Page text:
Daughters of Eve

The women portrayed here all played decisive roles in the biblical narrative.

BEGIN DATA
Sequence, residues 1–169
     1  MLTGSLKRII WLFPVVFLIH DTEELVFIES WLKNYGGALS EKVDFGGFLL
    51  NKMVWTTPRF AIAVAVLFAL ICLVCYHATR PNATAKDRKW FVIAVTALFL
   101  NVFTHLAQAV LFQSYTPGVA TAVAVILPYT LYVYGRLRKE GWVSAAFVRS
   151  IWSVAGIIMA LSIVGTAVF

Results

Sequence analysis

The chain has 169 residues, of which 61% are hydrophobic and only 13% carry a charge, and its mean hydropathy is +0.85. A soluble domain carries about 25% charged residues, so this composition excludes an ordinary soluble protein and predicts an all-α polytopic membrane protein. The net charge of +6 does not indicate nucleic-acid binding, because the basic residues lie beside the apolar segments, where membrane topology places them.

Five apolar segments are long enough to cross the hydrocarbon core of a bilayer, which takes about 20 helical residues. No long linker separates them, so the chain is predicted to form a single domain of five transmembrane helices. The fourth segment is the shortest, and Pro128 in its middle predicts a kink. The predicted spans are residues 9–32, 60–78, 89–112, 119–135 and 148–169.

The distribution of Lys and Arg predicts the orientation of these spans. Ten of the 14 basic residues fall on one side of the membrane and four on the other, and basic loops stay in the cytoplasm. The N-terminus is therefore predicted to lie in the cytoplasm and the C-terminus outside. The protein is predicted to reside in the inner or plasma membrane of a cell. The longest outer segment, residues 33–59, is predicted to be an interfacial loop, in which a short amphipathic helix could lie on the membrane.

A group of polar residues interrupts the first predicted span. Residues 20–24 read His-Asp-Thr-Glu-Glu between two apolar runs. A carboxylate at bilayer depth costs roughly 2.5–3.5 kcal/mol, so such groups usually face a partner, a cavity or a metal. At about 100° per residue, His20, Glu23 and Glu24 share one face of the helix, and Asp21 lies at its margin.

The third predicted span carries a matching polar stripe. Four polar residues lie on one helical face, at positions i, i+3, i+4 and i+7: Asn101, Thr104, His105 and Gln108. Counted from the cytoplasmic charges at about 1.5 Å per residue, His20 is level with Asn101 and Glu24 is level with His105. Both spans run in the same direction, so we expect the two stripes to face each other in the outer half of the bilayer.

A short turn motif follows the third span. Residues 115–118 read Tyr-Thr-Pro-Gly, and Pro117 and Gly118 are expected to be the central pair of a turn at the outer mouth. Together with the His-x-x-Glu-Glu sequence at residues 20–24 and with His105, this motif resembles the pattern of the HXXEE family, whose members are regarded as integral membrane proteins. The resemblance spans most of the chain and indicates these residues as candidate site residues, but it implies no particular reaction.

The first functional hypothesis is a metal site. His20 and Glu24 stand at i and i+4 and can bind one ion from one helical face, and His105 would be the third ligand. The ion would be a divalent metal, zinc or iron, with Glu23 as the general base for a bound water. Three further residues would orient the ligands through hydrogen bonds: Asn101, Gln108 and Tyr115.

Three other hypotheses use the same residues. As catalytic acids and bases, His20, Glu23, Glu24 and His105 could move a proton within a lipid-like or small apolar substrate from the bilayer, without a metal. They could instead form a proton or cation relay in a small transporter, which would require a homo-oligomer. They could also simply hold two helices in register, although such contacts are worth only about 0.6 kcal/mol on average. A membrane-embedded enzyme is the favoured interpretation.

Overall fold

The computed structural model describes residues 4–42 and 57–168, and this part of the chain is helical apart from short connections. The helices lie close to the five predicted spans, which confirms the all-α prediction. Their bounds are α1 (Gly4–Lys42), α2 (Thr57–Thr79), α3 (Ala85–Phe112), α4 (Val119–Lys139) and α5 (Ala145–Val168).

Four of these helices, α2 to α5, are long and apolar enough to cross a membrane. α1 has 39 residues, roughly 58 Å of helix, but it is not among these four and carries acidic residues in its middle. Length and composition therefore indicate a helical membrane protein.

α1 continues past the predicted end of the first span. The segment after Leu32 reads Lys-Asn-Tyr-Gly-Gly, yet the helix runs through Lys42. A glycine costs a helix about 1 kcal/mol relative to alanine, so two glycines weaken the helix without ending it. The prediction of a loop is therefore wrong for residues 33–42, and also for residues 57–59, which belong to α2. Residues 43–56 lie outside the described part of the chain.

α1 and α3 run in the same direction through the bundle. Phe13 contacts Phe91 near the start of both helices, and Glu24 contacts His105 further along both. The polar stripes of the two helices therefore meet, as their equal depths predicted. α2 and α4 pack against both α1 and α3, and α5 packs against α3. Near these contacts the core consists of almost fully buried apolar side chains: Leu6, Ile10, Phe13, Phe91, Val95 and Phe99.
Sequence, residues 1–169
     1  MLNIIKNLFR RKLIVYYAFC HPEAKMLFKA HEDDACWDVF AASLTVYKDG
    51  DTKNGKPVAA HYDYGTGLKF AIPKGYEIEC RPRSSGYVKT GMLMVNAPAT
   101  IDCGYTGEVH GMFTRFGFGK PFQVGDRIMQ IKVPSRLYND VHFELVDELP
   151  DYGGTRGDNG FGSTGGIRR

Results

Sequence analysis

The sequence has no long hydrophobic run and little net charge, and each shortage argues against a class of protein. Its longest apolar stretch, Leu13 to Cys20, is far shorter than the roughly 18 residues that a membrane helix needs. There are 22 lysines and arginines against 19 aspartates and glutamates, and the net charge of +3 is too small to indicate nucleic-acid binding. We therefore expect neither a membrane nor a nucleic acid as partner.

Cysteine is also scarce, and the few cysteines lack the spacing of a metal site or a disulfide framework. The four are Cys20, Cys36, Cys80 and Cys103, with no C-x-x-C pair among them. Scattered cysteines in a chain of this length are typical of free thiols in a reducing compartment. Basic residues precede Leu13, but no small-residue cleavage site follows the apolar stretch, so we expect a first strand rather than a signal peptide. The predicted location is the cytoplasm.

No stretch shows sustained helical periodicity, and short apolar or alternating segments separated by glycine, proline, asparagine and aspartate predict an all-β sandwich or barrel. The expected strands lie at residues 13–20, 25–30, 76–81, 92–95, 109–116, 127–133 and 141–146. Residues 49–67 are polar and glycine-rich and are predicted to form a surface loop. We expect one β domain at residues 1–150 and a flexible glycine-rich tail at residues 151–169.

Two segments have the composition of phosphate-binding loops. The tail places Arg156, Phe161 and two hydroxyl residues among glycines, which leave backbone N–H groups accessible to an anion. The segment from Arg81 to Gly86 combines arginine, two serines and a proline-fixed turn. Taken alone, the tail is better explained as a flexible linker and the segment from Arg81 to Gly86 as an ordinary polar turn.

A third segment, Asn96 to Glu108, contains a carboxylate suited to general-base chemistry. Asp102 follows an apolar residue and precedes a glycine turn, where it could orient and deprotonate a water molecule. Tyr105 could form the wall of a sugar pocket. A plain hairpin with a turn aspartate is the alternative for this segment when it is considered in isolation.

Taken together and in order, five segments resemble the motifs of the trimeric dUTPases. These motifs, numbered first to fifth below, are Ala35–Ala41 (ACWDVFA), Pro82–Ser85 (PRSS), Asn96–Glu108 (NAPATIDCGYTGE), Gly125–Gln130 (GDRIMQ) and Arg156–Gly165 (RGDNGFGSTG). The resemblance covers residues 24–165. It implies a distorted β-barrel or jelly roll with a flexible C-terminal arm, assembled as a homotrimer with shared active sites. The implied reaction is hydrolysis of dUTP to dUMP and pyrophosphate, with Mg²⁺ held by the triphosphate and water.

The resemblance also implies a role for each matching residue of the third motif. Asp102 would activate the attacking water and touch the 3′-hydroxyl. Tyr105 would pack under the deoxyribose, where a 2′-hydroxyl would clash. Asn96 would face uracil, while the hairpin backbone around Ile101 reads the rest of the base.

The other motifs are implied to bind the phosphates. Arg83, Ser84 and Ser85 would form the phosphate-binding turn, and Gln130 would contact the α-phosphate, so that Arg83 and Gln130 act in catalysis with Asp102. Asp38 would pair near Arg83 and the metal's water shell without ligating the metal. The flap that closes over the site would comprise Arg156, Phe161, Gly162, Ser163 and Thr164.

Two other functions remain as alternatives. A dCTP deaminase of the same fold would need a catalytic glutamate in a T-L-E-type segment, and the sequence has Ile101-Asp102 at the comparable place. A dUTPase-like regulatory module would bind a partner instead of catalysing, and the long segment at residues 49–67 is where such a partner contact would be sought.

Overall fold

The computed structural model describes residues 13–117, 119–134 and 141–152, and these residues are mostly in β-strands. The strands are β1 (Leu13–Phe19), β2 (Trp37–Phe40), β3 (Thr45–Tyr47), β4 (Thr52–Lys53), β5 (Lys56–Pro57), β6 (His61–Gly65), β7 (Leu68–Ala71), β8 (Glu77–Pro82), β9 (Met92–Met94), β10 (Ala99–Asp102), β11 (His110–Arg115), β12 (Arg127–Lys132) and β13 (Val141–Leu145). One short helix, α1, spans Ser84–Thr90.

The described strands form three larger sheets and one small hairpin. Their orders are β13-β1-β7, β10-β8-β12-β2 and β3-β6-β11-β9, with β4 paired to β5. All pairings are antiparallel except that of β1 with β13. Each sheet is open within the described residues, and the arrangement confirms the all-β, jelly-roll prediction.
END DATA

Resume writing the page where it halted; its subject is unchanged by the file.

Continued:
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The legal status of biblical women is unequal to the status of men. Women are second-class citizens living under the authority of the head of their family, usually their fathers or husbands. And yet, surprisingly enough, the women are neither downtrodden nor crushed by stern, brutal patriarchs. Within the family, the women wield enormous power. When they see their family or their tribe in danger, and the men fail to act, women fill the vacuum, taking the risks and assuming responsibilities for the destiny of their people.The narrative also suggests that women are a metaphor for all minorities struggling to make their voices heard. The women's situation is analogous to that of the Israelites, a tough, small people set among more powerful pagan cultures. In biblical times, polygamy was practiced widely. Yet each polygamous family portrayed in the Bible is unhappy. Whether the problem is the rivalry between Rachel and Leah, the two sisters married to Jacob, or between Hannah and Peninnah, both married to Elkanah, or the conflicting demands by David's many wives and their feuding children, the biblical authors subtly point out the disadvantages of a polygamous marriage.In contrast, Sarah and Abraham form a distinctly monogamous marriage within a polygamous culture, as do Rebecca and Isaac. In the Garden of Eden, too, we have one woman and one man. The narrative makes clear that an intense relationship between husband and wife in a polygamous marriage is nearly impossible. The presence of multiple, contending wives dilutes all the relation-ships within the family unit. The Bible strongly implies that polygamy does not work, that monogamy is a preferable structure. The intensely committed personal and loving relationship between one male and one female parallels the intensely committed relationship between one human and God.In the Old Testament, sexuality is by no means a secret, sinful, or forbidden subject. Instead, sex is discussed with remarkable openness and with no trace of prudishness. We are carried away by the beautifully written Song of Songs, as it celebrates in explicit terms the sensual love between Shulamite and her lover. The Bible regards sexuality as the Creator's gift, integral to all human life, a tool for strengthening the bonds of intimacy, trust, companionship, responsibility, and commitment.On the other hand, sexuality can also be abusive and selfish. The Bible's unvarnished realism does not spare us this aspect of human ambivalence. The Israelite hero Samson becomes addicted to Delilah's sexual favors. She hands him over to her people, Israel's enemies, who blind, torture, and imprison him. The worst example of sex as a destructive force is Amnon's inexorable plot to rape his virgin half-sister Tamar, King David's beautiful daughter. She staggers out of his house, her life forever ruined.The Bible instructs even as it entertains. It does not whitewash any aspect of human psychology or conduct. It draws the reader in by exposing its protagonists' feet of clay. No one is spared critical comment or the depiction of unflattering weaknesses—and no one is above the law. The women, like their men, are responsible for their actions and the consequences. The women and the men are neither saints nor sinners, and, interestingly enough, their actions are treated with equal candor.The stories of the women in the Bible offer us a prism through which to consider our own lives. After all, human nature has not changed one iota since the day Eve questioned the rules in the Garden of Eden in response to her God-given drive to acquire knowledge and create life. The outcome is the first exercise of free choice and the first lesson in personal responsibility and morality.In his 1955 book God in Search of Man, Abraham Joshua Heschel writes, "Among the many things that religious tradition holds in store for us is a legacy of wonder." In these words, we hear an echo of the biblical narrators who, thousands of years earlier, offered a similar observation in the book of Proverbs, attributed to King Solomon: